Monday, August 6, 2018

Brooklyn Cyclones 5 at Hudson Valley Renegades 6 (New York-Penn League) - August 5, 2018

Just over a decade ago, I saw a game at Dutchess Stadium in Wappinger Falls, New York, home of the Hudson Valley Renegades. That was part of an extended road trip and I made the drive over from Binghamton on the Fourth of July weekend. I remember that the large crowd combined with a somewhat inaccessible location made the experience unpleasant, and have since not considered a revisit.

Little did I know, however, that Wappinger Falls is just outside of Beacon, a town that is on the Metro-North Railroad. Just 90 minutes from NYC and home to an internationally famous art museum, Beacon is a place I have visited on several occasions without realizing that the ballpark is just over 2 miles away. When I finally discovered that fact, I immediately convinced my wife to take a day trip to combine the museum and the game, which we did on Sunday.

Dutchess Stadium was opened in 1994 and that fact is commemorated with seating capacity set at 4,494. Unlike most minor league ballparks, it has an Astroturf field, which was installed in 2014.

It is located just off Route 9D slightly north of I-84, in a forested area. It is not advisable to walk here, as there are no sidewalks on the road, so you will have to drive and pay the $5 parking charge, quite high for the short-season New York-Penn League. There is a single stoplight at the stadium, which means that getting out after the game can take some time, so consider that when choosing your parking spot.

The ticket booth is to the left of the main entrance and offers 3 main types for walkup fans: a premium box seat at $14 if you want to sit close to the field (green seats in the photo above); a reserved seat for $11 above the walkway (red seats below); and $8 for general admission, which allows you to sit in the bleachers down either the first base or third base line.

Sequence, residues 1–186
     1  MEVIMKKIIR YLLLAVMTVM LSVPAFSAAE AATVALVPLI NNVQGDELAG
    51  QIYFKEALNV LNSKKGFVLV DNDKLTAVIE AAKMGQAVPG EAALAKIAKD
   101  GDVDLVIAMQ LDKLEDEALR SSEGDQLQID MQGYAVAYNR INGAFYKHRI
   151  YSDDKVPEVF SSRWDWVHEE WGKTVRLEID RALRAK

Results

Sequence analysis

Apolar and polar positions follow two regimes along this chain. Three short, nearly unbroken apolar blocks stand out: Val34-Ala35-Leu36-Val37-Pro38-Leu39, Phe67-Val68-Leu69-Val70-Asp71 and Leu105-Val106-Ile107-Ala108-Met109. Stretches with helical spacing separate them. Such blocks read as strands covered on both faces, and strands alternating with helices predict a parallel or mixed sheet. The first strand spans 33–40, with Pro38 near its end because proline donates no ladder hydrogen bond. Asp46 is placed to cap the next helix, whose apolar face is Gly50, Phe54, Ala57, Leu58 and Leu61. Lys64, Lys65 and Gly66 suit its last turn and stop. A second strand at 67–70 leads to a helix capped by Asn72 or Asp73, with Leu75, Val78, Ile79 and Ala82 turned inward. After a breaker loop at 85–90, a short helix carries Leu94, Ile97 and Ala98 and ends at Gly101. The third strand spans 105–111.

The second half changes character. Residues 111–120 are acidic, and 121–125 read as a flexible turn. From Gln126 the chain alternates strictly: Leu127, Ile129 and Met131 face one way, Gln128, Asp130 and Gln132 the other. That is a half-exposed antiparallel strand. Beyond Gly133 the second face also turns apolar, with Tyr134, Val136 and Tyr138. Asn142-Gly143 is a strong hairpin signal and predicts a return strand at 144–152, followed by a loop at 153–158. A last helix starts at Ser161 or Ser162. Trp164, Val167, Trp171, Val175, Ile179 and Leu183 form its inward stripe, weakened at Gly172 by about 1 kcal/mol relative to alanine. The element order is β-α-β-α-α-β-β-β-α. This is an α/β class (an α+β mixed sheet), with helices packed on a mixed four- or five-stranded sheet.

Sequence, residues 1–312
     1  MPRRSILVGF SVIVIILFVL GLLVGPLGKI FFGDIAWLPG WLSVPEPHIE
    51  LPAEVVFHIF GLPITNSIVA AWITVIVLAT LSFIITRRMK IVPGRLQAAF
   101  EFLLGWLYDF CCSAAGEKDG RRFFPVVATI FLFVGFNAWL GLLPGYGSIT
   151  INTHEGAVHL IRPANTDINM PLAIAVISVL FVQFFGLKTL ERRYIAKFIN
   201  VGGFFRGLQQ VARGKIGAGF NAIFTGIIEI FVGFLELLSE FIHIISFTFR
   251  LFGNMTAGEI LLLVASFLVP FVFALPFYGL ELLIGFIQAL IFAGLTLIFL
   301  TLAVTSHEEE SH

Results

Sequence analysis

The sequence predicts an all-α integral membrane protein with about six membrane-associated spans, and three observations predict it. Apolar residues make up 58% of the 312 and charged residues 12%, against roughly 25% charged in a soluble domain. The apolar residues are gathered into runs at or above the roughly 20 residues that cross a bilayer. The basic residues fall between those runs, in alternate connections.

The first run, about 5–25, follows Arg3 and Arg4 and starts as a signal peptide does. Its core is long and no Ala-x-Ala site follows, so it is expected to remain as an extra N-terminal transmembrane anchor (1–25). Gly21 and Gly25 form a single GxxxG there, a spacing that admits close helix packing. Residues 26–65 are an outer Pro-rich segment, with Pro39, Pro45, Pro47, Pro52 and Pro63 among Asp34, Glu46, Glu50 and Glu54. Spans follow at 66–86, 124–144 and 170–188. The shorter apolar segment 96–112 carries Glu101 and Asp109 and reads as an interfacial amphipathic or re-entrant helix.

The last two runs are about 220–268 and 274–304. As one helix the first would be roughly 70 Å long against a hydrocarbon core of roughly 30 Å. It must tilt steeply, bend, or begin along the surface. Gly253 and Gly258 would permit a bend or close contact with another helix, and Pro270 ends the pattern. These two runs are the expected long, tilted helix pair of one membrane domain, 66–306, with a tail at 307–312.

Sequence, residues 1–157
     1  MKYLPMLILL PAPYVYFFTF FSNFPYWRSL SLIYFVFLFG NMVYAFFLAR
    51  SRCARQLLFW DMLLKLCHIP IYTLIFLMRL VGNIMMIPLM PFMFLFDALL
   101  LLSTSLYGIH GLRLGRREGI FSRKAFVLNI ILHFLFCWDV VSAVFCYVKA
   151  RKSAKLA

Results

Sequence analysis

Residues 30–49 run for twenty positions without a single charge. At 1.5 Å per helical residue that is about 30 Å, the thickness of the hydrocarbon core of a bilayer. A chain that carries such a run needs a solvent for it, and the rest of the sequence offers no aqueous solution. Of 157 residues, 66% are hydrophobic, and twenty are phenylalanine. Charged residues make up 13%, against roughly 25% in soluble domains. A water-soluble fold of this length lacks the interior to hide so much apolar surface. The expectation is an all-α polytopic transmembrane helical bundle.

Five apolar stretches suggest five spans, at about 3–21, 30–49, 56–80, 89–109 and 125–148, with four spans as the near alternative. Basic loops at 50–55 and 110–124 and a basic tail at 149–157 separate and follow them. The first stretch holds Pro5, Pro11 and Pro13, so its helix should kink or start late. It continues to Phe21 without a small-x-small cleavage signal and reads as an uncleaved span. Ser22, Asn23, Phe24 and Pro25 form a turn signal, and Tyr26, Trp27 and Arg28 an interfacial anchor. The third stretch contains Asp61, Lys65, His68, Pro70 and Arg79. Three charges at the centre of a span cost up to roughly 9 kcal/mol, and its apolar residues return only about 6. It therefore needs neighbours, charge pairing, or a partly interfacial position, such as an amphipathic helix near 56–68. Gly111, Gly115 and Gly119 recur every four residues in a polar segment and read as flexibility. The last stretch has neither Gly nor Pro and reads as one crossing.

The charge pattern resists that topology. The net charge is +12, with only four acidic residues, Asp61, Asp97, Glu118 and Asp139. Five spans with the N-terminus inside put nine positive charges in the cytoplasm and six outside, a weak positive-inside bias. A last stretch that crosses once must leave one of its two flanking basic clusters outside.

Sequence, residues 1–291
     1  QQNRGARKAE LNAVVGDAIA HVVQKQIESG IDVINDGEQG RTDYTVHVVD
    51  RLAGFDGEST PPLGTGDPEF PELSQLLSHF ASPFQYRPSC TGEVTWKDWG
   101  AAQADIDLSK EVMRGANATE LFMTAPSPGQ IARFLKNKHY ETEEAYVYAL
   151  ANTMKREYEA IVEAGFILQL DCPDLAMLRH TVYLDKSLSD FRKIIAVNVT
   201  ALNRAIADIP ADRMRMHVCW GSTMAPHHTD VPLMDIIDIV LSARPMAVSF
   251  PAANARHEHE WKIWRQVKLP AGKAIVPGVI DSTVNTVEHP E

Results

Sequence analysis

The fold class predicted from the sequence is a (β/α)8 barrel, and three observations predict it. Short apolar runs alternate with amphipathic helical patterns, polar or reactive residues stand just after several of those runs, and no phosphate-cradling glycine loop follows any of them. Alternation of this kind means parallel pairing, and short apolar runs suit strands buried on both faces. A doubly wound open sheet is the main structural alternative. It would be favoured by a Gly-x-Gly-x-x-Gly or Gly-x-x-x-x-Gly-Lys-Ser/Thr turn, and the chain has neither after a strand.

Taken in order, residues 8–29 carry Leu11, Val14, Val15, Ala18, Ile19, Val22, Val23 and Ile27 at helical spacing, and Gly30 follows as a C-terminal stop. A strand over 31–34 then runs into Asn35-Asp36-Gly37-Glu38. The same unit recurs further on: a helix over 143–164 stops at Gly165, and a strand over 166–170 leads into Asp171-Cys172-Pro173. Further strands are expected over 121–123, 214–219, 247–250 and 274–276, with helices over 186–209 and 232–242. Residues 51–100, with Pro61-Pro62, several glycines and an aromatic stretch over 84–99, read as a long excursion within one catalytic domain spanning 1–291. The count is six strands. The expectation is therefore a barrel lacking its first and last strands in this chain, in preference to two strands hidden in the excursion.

The sun sets behind the press box, so getting a seat in the high rows between sections 201-206 is the best way to avoid the sun for a 5:00 start. You might think climate change is a hoax, but I can tell you that it is getting more and more uncomfortable to go to afternoon baseball games in the summer and this was no exception. It was hot and humid, with no breeze to cool you down.

Before entering, check out the two plaques for local Hall of Famers to the right of the ticket office. One honours Eddie Collins, who was born in Millerton, about 40 miles northeast of Wappinger Falls; the other commemorates Falls native Dan Brouthers, who played regularly in the majors from 1879-1896.

The concourse lies behind the seating area and is where you can pick up your food and drink, as well as find a bit of shade. There is a bar here as well where you can actually sit and order beers instead of watching the game. Given the weather, this shady spot was the place to be, although it seems like they need to improve their ID checking, as you can see below.